Mount Congreve was the life’s work of Ambrose Congreve. He began gardening there, on his family’s large estate, when he was 11 years old. He continued until his death at the age of 104. Its 70 acres are criss-crossed with trails leading through woodlands where thousands of azeleas and rhododendrons and hydrangeas (called “hortensia” in Ireland and England) bloom.

Mount Usher Gardens are especially beautiful in spring when bluebells cover the ground and the garden is filled with blooming bushes and flowers. Many species of small trees have been planted in this garden and spring is the best time to see them when they’re covered in bright new leaves. Placed on both sides of a small river, the garden stretches over a large area laced with walking trails.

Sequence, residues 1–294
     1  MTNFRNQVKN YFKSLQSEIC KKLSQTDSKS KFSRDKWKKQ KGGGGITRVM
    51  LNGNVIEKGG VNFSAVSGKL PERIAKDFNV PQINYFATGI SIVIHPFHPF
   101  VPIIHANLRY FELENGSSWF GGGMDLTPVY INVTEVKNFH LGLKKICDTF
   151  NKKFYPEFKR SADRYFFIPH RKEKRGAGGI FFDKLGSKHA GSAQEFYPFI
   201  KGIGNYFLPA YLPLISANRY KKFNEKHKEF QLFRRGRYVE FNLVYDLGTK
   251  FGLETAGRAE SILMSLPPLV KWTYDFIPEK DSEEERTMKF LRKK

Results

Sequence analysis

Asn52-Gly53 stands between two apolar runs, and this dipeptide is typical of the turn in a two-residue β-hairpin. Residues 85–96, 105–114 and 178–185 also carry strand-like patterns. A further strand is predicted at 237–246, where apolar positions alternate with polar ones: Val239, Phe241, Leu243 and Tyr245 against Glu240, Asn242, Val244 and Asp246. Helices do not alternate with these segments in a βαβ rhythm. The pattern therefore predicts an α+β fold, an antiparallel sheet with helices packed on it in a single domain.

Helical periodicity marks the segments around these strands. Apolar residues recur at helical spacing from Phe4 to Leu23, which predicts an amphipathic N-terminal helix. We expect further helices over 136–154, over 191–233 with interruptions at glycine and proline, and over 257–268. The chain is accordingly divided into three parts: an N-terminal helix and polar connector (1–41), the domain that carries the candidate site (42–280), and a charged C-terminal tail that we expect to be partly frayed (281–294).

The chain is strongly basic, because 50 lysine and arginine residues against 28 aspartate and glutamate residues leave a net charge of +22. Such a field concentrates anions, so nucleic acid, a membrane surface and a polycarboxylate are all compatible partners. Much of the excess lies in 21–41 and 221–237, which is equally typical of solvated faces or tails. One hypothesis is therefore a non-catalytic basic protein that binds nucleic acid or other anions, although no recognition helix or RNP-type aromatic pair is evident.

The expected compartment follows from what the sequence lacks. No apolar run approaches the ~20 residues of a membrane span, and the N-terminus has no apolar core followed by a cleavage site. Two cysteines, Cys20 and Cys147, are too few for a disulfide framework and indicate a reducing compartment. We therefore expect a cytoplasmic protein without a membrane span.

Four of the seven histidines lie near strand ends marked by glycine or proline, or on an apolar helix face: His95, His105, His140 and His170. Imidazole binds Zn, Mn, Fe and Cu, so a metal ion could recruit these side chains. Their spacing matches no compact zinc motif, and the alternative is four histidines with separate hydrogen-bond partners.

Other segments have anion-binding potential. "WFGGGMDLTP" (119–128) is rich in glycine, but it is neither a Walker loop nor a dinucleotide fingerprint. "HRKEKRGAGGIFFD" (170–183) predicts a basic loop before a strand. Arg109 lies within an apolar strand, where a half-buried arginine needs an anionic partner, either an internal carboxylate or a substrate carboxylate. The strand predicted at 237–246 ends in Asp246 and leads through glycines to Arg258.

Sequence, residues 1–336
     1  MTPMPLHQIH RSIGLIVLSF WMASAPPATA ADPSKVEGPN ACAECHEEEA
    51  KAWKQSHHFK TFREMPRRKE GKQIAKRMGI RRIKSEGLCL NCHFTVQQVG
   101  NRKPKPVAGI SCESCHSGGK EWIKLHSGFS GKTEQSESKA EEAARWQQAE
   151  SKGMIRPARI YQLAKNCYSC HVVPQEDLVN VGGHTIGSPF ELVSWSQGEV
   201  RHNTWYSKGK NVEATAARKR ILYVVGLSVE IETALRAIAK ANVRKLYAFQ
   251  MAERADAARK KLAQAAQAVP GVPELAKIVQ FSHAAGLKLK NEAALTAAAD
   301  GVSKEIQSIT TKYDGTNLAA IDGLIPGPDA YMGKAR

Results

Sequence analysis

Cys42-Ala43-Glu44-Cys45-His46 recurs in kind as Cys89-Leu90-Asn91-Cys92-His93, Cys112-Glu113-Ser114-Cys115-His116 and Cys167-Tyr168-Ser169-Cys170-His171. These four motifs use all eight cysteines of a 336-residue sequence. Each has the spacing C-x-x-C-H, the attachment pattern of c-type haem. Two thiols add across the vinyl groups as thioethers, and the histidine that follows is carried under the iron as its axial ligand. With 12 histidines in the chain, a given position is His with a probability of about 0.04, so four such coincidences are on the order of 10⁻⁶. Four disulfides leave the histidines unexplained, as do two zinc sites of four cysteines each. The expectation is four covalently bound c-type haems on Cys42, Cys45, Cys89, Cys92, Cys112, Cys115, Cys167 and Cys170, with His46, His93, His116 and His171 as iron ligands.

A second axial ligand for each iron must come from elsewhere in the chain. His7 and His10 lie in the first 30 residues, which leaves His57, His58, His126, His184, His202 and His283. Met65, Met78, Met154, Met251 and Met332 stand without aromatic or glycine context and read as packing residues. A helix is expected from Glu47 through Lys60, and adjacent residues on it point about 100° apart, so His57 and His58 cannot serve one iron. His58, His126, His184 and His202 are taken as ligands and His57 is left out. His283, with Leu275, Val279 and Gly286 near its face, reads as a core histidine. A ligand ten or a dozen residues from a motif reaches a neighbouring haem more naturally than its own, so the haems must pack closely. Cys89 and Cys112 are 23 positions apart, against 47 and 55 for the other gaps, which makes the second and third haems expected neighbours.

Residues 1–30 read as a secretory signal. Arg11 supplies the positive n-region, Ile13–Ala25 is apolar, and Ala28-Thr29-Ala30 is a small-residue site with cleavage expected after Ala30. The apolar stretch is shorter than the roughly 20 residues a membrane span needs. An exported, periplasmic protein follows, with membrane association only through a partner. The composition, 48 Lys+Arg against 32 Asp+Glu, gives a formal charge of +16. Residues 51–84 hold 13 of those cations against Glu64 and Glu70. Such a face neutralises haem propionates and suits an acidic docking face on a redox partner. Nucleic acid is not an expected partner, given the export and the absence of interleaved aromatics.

I found a new favorite to my list this year. When I was in Ireland in 2016 I discovered Colclough Gardens (pronounced Coke-lee) at Tintern Abbey. I visited it once or twice in the springtime when it’s filled with flowers, blooming apple trees and the beginnings of a large vegetable garden. This year I visited it six times over the course of the summer, usually allowing about two weeks between visits. It is enclosed within an old walled garden It’s quite small when compared to the other gardens I’ve mentioned here. Around the edges of the garden a perennial garden with many species of flowers flourishes. The middle of the garden contains all types of vegetables. Recently planted apple trees were heavy with fruit. This lush garden is organic.

Gardens pull me back to Ireland, time after time. I’m already anticipating next year’s visit.


Resources: In Ireland this year I found a detailed book entitled The Open Gardens of Ireland by Shirley Lanigan. A number of other books by this author are offered on American but this one isn’t there yet. It was published just this year. In Ireland you can probably find a copy at a good book store.

Tintern Abbey Chapter 3: Colclough Walled Garden